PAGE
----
Several of the state’s top politicians – all of whom are white - celebrated Martin Luther King, Jr. Day at the predominately African-American St. Mark Baptist Church in Little Rock. Governor Asa Hutchinson recounted first seeing King on television in his youth and indirectly rebuffed President-elect Trump’s disparagement of a different, still living Civil Rights icon.
Governor Hutchinson, a Republican from the small town of Gravette in northwest Arkansas, recounted how as a junior high school student he first came to learn of King.
“I didn’t understand it all, but I looked in my parents eyes, and I could see in my parents’ eyes the admiration, respect, and really a lack of understanding of what was going through - but they knew it was changing America for the better,” said the 66-year old Hutchinson.
Although Hutchinson would go on to attend and graduate from a segregated Bob Jones University in 1971. The school only dropped its interracial dating ban in 2000.
Hutchinson remarked that among the many faces broadcast to his family’s television set was a young John Lewis. He’s the last living speaker from the March on Washington, the subject of a wildly popular graphic novel series March, and has represented Georgia in the U.S. House since 1987. The President-elect recently tweeted that Lewis is “All talk, talk, talk — no action or results,” in response to Lewis saying Trump is not a legitimate President due to Russian electoral interference.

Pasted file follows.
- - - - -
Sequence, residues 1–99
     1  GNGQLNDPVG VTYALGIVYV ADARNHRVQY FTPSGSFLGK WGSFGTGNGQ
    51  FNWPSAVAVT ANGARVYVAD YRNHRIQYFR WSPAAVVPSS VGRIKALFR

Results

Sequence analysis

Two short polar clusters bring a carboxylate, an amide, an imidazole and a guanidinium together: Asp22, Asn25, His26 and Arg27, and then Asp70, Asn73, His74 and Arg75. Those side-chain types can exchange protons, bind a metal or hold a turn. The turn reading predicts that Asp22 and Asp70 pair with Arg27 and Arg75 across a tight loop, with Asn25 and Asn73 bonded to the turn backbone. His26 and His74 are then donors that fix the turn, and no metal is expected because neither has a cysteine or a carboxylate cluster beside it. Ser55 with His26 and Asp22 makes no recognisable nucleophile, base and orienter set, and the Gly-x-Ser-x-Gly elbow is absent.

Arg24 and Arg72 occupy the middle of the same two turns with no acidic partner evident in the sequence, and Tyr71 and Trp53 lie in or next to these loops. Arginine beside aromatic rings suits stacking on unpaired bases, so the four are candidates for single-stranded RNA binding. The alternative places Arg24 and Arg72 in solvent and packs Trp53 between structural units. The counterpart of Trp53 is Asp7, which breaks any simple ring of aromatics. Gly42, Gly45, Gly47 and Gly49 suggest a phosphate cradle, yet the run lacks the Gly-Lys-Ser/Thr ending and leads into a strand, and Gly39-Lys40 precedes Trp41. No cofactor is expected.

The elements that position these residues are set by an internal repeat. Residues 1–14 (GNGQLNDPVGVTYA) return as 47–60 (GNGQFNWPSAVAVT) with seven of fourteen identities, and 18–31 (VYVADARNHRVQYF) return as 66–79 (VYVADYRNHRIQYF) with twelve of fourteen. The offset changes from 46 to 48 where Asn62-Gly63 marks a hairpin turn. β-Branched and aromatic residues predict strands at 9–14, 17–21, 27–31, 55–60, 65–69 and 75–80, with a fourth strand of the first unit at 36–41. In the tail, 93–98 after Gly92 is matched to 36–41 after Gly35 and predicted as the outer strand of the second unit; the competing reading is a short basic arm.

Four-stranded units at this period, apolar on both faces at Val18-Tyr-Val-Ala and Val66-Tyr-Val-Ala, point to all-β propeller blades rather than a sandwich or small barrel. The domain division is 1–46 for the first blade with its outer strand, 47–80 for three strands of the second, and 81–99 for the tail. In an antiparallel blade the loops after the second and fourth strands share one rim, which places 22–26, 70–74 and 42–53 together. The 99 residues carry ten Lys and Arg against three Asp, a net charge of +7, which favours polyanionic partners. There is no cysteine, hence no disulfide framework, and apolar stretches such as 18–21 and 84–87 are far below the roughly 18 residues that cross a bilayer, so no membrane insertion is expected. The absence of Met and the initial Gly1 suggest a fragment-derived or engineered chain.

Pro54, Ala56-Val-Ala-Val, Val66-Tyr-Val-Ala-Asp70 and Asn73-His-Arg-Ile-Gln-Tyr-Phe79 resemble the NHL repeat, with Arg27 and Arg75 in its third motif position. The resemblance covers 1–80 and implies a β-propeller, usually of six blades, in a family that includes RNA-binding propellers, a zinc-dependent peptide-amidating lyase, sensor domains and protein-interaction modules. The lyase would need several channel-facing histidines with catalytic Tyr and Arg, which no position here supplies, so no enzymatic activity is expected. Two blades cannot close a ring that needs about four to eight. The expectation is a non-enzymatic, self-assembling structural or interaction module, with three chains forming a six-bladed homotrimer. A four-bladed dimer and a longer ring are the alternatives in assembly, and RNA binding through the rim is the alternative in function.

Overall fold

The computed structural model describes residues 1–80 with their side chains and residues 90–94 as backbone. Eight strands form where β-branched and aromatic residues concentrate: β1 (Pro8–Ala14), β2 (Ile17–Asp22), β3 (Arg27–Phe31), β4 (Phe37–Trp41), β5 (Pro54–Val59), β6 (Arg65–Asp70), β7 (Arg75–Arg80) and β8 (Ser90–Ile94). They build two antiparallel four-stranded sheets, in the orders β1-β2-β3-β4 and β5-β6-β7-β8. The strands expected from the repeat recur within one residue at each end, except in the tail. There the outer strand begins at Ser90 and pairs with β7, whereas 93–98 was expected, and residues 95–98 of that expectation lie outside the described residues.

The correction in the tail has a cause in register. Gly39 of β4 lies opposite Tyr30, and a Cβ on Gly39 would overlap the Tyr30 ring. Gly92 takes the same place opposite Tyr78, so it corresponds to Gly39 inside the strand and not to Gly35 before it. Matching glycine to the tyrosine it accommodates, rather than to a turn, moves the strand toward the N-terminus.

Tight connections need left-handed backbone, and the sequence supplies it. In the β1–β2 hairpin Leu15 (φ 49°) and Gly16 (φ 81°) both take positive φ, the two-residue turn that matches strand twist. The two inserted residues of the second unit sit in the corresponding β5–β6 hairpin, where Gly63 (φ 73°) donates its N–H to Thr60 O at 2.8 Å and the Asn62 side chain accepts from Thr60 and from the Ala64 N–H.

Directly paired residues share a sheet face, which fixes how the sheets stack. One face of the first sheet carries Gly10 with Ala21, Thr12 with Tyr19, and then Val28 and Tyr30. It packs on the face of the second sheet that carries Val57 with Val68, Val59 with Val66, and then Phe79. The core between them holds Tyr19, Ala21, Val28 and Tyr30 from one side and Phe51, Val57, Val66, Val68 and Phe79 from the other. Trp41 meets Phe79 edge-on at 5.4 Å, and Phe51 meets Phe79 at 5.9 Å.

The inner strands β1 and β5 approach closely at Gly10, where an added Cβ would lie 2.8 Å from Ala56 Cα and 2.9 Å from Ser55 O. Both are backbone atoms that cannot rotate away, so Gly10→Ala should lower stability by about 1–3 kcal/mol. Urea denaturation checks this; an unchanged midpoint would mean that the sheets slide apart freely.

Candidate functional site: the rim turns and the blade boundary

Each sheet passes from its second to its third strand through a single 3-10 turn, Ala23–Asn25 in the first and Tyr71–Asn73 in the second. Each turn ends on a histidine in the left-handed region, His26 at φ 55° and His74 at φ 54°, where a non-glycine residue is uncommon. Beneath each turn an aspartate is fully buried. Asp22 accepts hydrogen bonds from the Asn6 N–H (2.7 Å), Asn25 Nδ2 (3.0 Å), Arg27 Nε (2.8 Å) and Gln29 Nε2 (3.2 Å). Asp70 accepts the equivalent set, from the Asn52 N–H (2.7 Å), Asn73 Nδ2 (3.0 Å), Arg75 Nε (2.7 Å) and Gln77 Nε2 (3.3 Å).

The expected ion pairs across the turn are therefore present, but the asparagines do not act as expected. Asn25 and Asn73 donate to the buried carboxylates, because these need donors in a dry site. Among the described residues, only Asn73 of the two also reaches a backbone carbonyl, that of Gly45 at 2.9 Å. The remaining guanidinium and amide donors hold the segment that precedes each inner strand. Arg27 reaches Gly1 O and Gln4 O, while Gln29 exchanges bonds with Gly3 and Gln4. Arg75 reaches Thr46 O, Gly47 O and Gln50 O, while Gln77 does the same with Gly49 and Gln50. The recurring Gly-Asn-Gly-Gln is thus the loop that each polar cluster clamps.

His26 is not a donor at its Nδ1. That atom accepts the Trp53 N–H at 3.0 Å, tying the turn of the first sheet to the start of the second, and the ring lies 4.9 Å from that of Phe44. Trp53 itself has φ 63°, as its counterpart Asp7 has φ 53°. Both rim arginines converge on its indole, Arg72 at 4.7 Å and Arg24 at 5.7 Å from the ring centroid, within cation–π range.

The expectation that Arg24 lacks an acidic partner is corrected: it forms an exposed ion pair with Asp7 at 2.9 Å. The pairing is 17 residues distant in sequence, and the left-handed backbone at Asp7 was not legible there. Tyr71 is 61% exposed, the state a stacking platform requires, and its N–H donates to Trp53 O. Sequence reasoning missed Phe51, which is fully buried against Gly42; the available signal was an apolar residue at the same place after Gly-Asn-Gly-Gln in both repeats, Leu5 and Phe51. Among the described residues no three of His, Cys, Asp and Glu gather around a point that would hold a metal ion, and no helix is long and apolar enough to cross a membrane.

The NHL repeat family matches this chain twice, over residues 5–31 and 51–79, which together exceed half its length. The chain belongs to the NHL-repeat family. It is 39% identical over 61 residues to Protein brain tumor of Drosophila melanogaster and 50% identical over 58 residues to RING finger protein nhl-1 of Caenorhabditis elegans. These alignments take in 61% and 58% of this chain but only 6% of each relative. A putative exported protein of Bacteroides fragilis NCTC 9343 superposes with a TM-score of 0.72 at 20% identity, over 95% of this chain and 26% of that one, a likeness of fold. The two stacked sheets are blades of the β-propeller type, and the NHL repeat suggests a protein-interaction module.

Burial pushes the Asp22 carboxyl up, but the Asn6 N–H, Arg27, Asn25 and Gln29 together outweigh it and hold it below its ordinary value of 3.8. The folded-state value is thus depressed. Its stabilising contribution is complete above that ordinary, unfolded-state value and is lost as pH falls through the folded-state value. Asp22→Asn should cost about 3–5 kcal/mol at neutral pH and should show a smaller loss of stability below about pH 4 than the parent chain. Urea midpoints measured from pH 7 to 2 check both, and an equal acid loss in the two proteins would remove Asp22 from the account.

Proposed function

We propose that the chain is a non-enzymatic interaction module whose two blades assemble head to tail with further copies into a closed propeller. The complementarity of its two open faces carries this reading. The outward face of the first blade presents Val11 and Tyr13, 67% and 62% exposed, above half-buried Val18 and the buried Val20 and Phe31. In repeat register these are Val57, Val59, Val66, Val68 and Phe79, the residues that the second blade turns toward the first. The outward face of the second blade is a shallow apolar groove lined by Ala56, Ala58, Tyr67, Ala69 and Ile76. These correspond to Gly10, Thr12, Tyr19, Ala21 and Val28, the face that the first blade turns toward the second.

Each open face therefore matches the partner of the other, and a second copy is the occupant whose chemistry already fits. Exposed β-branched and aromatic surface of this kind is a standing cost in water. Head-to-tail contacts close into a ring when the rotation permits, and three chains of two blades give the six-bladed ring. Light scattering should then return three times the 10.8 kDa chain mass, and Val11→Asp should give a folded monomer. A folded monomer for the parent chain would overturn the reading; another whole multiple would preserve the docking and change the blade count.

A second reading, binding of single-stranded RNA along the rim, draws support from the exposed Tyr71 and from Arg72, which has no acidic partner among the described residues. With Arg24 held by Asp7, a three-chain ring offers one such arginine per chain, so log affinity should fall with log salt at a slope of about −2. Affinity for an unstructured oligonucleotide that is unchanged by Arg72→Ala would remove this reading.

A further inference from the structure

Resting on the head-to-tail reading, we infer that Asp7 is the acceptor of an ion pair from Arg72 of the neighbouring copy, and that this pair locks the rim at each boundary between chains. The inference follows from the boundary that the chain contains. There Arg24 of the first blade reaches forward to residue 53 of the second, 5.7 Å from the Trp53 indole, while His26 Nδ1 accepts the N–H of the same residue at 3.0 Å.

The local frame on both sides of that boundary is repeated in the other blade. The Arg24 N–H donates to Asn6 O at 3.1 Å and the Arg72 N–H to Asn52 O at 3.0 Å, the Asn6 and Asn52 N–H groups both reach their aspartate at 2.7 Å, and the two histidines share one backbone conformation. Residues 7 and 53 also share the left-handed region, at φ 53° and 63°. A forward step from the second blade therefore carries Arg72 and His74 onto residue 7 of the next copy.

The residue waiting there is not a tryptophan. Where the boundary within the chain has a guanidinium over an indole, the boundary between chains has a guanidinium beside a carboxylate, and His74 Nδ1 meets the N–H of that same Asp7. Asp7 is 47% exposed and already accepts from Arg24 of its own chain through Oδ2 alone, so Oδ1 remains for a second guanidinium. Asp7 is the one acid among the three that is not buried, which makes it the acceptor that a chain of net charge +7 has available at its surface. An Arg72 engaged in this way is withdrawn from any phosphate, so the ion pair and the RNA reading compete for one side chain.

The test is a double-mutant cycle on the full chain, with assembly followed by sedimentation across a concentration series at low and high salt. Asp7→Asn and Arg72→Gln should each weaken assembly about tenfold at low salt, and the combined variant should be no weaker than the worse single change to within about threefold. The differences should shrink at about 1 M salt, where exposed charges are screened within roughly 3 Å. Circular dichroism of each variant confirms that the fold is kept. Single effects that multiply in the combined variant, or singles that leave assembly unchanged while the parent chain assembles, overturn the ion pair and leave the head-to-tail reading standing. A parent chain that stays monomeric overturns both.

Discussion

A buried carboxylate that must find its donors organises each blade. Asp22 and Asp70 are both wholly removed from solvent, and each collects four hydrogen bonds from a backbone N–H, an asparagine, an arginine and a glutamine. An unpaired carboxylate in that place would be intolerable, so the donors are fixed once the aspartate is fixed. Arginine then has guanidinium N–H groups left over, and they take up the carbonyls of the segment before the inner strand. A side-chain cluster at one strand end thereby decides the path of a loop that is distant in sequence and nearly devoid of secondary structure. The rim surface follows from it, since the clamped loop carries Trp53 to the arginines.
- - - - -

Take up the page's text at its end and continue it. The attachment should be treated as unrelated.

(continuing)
Hutchinson did not reference the social media fracas but put in a brief, kind word for Lewis describing him as a national hero that achieved results.
“I saw him [King] march with John Lewis, who I later had the opportunity to serve with in the United States Congress. American heroes that made a difference,” said Hutchinson.
The governor didn’t mention it during his remarks but he’s calling on the state legislature to stop the state’s dual celebration of Confederate General Robert E. Lee and King on the same day. Before the legislative session, which began last week, Hutchinson said un-encumbering the King holiday is a priority.
During his speech the governor pointed out that former U.S. Representative Ed Bethune (R-2nd District) was in attendance. Bethune’s tenure spanned from 1979-1985 and included a vote on establishing a federal holiday for King.
“I remember when he was in Congress it was not the most popular thing whenever he supported the national holiday for Dr. King,” said Hutchinson. “So thank you for your leadership.”
No state legislator has yet stepped forward to carry a bill to split the state’s dual observance of Lee and King. Multiple attempts failed to clear committee in 2015. House Speaker Jeremy Gillam (R-Judsonia) is non-committal saying he’s using the holiday weekend to gauge the interests of his constituents in White County.
U.S. Representative French Hill (R-2nd District) and U.S. Senator John Boozman (R-Rogers) were also in attendance at the MLK breakfast at St. Mark.